Ubisoft smacks Bratz for $13 million

Publisher wins arbitration judgment against toy maker in dispute over girls' gaming license.

SIDEBAR: While fighting over dolls might seem unbecoming for one of the world's largest third-party game publishers, a $13 million payoff can do wonders to stir people to action. Business and entertainment law firm Greenberg Glusker today announced that it has secured a $13.2 million judgment in favor of its client, French publisher Ubisoft, in a licensing dispute with MGA Entertainment, maker of the popular Bratz line of toys.

Ubisoft published Bratz games for the original PlayStation and Game Boy Advance in 2003, but MGA terminated the license that year and moved it to THQ. According to Greenberg Glusker, MGA dropped the Ubisoft deal without good cause in an attempt to renegotiate a more favorable deal. The two companies wound up suing each other, and an arbitrator sided with the game publisher to the tune of $13.2 million.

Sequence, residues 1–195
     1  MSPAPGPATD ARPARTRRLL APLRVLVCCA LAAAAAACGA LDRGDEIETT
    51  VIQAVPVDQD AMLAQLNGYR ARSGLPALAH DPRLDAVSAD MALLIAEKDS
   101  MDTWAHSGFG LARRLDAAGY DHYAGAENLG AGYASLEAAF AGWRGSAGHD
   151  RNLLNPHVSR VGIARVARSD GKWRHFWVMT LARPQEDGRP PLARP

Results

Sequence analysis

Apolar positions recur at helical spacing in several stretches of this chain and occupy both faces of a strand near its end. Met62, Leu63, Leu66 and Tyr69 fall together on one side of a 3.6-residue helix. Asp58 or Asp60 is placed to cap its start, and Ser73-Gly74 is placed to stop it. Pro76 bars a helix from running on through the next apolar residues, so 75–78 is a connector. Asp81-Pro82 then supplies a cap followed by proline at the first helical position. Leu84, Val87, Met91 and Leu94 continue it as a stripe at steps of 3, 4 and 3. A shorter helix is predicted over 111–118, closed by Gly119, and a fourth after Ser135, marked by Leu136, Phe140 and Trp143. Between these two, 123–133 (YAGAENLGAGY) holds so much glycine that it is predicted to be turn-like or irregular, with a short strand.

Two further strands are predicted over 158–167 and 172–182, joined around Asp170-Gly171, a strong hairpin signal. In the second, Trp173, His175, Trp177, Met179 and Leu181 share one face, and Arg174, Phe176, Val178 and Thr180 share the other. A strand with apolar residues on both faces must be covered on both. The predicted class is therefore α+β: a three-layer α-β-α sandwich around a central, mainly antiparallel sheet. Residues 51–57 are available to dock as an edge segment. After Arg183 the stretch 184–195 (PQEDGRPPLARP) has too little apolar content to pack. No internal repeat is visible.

Legal battles aside, the Bratz license's best days may be behind it. THQ's 2006 effort Bratz: Forever Diamondz and 2005's Bratz: Rock Angelz each sold more than 700,000 copies at US retailers, according to the NPD Group. However, of the 2007 slate of games--Bratz: 4 Real, Bratz: The Movie, and Bratz: Ponyz--none has surpassed the 100,000 mark.

The toy license is having problems in other media as well. After being released in theaters last August, the critically reviled live-action Bratz movie failed to break $10 million at the US box office over the course of its mercifully short run.

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